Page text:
Rodney McMillian

MoMA PS1, New York, The Studio Museum, Harlem, and ICA Philadelphia 

In three concurrent museum shows that feature more than a decade’s worth of painting, textile, sculpture and video work, Rodney McMillian examines what happens between the sheets, in that intimate space where the sexual, potentially violent commingling of bodies reveals the deeper parts of the human psyche and our broader social fabric. 

For ‘Landscape Paintings’ at MoMA PS1, McMillian has used bedsheets to frame the body as a kind of landscape. The marbleized red and purple paint layered atop the sheets’ surfaces could depict aerial views of muddy river deltas, bright with algal blooms, or the topography of scar tissue. Sticky globs of latex house paint pile up on these makeshift canvases like shed harlequin costumes, and in some works – such as Site #3: Stumps in Plain Sight (2008–14) – they take on unnervingly human profiles. Many of their names make these allusions plain: fleshy pink paint extrudes from the surface of Untitled (Tongue) (2014), lapping the gallery floor. The black lips of A Mouth: and the Galaxy Within (2012–15), speckled with bright colours, cast the body as a universe of spoken language or a constellation of physical pleasure. Sweat, blood, cum, tears: sheets claim the fluids that affirm our biological humanity. Here, they pulse in dozens of exuberant hues, like the joyous secretions of a waking dream. 

Rodney McMillian, Untitled (target), 2012, installation view at ICA Philadelphia. Courtesy: the artist and ICA Philadelphia

Rodney McMillian, Untitled (target), 2012, installation view at ICA Philadelphia. Courtesy: the artist and ICA Philadelphia

Rodney McMillian, Untitled (target), 2012, installation view at ICA Philadelphia. Courtesy: the artist and ICA Philadelphia

McMillian’s ‘Landscape Paintings’ mark a preoccupation that has long defined his career. An iconic textile piece opens ‘The Black Show’ at ICA Philadelphia: the glistening black vinyl surface of Untitled (Target) (2012), visibly stitched with white string, greets viewers with its gaping maw not unlike a Lee Bontecou sculpture. A star of flayed fabric radiates from this orifice like flesh flapping at a wound. Black vinyl’s appeal is multivalent: it is cheap yet glossy, both nightclub decor and sexual fetish wear. McMillian provokes with abstraction, using bodily materials to evoke the violent and erotic charge of our own skins.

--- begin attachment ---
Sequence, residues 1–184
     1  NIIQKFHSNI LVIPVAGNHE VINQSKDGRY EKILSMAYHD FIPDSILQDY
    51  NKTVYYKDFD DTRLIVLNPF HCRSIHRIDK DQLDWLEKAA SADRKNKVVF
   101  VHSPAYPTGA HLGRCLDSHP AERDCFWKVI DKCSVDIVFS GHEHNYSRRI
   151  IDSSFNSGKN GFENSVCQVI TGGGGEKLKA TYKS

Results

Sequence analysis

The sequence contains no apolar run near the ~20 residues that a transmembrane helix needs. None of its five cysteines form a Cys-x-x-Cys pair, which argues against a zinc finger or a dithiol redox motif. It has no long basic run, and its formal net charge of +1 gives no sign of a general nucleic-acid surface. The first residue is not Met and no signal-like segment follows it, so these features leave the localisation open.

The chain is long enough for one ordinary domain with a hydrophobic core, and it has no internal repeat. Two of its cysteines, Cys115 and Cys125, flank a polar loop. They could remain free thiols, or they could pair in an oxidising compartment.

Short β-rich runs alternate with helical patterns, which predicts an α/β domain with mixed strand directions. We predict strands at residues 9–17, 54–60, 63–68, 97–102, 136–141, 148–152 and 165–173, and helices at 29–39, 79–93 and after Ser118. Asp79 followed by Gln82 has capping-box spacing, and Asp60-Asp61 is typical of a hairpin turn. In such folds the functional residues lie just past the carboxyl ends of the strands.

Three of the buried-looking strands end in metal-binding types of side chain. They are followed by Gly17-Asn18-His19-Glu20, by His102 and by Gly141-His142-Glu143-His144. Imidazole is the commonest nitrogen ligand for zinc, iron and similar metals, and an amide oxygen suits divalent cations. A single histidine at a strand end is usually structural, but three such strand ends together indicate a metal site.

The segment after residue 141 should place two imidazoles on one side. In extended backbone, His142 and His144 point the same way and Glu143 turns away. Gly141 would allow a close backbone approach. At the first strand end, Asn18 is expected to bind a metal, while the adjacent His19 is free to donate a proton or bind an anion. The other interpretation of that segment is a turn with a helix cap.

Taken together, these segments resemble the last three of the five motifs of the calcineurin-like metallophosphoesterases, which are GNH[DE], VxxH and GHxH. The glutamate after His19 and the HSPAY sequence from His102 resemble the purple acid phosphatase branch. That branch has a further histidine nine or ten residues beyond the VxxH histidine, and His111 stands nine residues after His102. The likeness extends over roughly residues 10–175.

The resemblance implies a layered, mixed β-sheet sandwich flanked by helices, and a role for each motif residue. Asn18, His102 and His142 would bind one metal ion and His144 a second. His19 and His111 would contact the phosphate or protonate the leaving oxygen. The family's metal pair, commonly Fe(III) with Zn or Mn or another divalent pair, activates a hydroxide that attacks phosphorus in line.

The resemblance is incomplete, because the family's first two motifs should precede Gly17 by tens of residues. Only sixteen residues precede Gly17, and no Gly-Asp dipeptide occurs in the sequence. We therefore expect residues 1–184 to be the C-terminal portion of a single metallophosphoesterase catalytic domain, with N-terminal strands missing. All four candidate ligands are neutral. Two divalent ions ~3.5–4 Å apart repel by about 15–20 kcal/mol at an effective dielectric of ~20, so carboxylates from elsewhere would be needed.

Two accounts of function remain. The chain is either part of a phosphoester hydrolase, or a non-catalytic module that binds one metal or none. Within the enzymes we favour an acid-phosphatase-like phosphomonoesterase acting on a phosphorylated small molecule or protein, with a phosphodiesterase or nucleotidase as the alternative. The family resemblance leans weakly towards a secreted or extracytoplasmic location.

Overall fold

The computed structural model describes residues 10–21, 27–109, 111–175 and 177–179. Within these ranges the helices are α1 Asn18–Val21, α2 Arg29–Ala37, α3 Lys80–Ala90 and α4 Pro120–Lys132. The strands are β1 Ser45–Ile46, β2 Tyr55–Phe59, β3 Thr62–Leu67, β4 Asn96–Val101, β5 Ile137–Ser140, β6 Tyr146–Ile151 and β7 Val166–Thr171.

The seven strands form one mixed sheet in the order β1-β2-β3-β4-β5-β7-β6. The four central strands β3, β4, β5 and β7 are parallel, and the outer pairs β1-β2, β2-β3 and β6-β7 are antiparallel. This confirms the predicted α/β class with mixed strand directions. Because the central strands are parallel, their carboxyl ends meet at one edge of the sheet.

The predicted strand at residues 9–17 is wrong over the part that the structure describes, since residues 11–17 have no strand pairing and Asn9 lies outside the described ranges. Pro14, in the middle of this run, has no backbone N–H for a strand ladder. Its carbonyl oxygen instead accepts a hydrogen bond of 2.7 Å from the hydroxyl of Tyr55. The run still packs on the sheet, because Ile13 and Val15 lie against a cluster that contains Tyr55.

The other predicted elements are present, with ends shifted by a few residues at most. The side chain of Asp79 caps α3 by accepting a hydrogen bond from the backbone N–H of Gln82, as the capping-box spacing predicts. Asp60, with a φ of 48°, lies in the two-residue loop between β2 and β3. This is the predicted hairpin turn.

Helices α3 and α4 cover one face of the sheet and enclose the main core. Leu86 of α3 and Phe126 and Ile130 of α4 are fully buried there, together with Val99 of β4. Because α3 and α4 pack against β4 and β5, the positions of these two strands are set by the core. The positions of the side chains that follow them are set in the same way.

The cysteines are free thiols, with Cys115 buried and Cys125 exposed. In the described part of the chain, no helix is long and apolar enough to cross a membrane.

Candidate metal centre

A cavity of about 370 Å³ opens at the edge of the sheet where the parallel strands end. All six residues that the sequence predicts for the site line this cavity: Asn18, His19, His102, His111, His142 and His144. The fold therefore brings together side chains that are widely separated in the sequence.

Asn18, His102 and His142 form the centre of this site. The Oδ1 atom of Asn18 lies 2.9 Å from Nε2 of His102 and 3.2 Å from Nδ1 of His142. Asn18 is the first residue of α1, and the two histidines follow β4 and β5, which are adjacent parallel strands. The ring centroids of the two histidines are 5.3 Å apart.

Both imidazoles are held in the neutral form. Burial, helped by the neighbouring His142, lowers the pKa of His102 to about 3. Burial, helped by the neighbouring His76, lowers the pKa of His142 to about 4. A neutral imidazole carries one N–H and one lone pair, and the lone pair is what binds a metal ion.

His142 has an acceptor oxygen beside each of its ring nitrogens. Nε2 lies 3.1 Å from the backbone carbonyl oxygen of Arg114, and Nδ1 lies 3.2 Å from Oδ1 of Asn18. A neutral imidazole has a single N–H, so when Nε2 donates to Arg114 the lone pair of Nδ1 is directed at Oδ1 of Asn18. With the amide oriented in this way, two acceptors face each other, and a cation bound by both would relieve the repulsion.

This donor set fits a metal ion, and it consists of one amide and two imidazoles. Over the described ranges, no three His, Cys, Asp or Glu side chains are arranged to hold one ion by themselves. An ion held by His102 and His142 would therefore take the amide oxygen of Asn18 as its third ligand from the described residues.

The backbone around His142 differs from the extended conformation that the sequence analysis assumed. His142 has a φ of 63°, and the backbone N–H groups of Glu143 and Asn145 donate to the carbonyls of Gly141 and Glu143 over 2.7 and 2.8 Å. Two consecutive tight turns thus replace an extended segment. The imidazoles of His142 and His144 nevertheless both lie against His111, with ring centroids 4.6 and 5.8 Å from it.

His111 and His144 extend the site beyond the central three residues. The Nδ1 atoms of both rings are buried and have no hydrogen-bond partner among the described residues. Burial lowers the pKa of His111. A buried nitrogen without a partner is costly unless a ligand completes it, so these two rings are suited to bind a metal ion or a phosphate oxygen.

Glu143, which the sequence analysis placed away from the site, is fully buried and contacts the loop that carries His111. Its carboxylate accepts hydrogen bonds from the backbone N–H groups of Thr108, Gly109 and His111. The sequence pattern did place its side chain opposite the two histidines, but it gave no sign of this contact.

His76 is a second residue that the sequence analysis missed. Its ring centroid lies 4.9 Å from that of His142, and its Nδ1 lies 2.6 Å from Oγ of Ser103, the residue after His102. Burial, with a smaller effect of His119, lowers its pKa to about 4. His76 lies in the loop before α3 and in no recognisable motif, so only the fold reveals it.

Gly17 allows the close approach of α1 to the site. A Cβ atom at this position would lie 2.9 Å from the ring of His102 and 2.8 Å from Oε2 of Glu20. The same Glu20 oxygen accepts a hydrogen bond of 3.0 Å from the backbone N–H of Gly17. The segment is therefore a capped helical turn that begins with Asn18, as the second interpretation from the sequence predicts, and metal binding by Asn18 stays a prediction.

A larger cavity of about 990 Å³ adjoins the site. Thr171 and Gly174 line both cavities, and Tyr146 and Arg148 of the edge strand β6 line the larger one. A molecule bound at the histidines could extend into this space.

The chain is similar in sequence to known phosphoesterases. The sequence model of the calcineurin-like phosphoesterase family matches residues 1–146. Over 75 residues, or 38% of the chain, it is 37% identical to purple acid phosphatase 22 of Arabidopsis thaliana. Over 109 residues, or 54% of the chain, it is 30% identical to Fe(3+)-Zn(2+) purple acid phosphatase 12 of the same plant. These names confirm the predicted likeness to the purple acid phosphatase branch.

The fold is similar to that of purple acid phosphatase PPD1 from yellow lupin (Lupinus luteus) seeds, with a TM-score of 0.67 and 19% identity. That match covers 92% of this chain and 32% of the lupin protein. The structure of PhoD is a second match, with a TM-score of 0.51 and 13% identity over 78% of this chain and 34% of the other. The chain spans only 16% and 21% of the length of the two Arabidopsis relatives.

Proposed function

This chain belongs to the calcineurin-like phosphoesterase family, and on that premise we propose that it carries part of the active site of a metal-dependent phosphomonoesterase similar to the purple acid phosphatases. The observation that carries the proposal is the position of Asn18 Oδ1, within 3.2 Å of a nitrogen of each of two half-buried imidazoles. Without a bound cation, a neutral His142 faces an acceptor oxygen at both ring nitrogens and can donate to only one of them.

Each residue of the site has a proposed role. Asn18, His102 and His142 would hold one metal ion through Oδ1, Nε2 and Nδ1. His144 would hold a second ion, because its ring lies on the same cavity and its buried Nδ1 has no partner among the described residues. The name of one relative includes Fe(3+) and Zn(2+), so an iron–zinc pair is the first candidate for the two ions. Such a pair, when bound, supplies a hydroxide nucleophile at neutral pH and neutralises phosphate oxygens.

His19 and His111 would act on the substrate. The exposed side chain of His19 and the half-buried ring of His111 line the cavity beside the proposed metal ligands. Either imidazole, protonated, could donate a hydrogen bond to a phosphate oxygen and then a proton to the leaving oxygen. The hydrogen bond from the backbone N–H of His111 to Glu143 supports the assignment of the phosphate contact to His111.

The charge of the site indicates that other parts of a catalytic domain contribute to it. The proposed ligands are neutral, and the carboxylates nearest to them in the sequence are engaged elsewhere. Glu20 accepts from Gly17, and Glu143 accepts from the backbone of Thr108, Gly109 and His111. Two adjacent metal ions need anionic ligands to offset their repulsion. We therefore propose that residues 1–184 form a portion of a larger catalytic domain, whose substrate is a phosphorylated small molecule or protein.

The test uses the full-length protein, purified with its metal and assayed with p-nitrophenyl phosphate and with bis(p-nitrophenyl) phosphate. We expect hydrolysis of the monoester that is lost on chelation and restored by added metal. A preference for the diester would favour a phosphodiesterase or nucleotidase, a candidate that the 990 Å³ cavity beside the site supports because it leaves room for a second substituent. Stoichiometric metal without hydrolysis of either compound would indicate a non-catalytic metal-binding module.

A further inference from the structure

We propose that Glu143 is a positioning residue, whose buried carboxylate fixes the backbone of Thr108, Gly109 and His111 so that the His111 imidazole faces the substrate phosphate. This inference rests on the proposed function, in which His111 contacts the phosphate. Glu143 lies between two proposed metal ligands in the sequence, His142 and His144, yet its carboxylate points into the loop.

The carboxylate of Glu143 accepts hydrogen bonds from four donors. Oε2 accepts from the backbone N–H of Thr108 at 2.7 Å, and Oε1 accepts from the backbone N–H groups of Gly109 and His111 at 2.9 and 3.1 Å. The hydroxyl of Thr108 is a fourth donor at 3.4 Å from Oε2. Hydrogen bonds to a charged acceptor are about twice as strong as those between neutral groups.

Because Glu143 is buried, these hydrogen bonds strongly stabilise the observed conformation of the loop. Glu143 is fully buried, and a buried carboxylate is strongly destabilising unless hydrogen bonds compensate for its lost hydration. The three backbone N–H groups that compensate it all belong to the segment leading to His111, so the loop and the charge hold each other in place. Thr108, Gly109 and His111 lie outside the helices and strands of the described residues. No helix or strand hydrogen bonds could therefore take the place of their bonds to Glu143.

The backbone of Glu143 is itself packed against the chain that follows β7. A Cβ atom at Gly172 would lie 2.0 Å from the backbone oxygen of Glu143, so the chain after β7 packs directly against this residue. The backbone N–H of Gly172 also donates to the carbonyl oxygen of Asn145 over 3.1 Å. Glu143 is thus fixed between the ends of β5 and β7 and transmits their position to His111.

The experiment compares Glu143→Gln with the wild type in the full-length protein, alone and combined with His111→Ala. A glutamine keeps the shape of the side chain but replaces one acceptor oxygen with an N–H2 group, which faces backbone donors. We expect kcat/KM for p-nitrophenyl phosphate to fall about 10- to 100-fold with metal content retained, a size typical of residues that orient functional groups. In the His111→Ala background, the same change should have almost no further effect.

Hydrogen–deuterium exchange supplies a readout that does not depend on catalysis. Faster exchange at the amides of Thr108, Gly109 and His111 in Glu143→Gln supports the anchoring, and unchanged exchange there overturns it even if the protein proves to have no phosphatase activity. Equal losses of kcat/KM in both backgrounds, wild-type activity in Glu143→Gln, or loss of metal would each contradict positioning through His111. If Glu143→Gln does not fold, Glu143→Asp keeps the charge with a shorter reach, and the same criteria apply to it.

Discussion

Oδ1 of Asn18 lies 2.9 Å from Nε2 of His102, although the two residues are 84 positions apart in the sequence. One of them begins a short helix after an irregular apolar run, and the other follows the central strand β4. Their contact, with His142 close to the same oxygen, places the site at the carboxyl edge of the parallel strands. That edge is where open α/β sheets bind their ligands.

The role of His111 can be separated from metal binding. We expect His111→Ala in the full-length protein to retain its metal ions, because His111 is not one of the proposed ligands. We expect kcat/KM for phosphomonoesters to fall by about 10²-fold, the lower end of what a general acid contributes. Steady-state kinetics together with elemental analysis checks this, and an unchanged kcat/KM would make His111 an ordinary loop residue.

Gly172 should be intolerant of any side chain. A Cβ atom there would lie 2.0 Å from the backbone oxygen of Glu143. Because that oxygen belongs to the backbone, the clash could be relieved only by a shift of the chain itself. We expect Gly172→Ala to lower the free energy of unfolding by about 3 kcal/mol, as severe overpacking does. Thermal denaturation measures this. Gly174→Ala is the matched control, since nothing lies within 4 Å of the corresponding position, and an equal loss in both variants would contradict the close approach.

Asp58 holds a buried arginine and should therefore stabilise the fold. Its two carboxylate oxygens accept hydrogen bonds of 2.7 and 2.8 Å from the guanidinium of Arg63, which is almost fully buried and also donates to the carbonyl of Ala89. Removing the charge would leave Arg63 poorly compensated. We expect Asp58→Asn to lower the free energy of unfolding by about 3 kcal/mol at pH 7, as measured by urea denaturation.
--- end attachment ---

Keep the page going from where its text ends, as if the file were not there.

rodney_mcmillian_untitled_tongue_2014_latex_on_bed_sheet_2.5_x_1.8_m._courtesy_the_artist_and_susanne_vielmetter_los_angeles_projects

Rodney McMillian, Untitled (tongue), 2014, latex on bed sheet, 2.5 x 1.8 m. Courtesy: the artist and Susanne Vielmetter Los Angeles Projects

Rodney McMillian, Untitled (tongue), 2014, latex on bed sheet, 2.5 x 1.8 m. Courtesy: the artist and Susanne Vielmetter Los Angeles Projects

‘Views of Main Street’ at the Studio Museum in Harlem features readymades hauled from Los Angeles curbsides – household furniture left to rot in poverty-stricken streets. (The objects recall Noah Purifoy’s works of reclaimed rubble from the 1965 Watts riots.) Chair (2003) splays its woolly guts onto the gallery floor. The icebox door of Untitled (Refrigerator) (2009) bears a gaping hole like evidence of domestic abuse. McMillian has sutured his sawed, battered Couch (2012) with a strip of cement, as if to suggest that nothing can truly mend  a broken home. These ‘street views’ are also intimate artefacts of lives ravaged by home foreclosures, unemployment and urban neglect – forlorn forms bringing to mind the disproportionate poverty and incarceration rates of black men in the US, and families torn apart. 

rodney_mcmillian_chair_2003_chair_84_x_97_x_84_cm._courtesy_collection_of_gaby_and_wilhelm_schurmann_herzogenrath_berlin

Rodney McMillian, chair, 2003, chair, 84 × 97 × 84 cm. Courtesy: collection of Gaby and Wilhelm Schürmann, Herzogenrath, Berlin